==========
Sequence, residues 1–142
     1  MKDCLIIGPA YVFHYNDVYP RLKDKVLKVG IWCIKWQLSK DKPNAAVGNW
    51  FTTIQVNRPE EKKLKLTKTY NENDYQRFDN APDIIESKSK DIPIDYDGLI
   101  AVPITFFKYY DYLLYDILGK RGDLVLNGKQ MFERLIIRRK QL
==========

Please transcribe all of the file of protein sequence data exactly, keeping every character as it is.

Sequence, residues 1–142
     1  MKDCLIIGPA YVFHYNDVYP RLKDKVLKVG IWCIKWQLSK DKPNAAVGNW
    51  FTTIQVNRPE EKKLKLTKTY NENDYQRFDN APDIIESKSK DIPIDYDGLI
   101  AVPITFFKYY DYLLYDILGK RGDLVLNGKQ MFERLIIRRK QL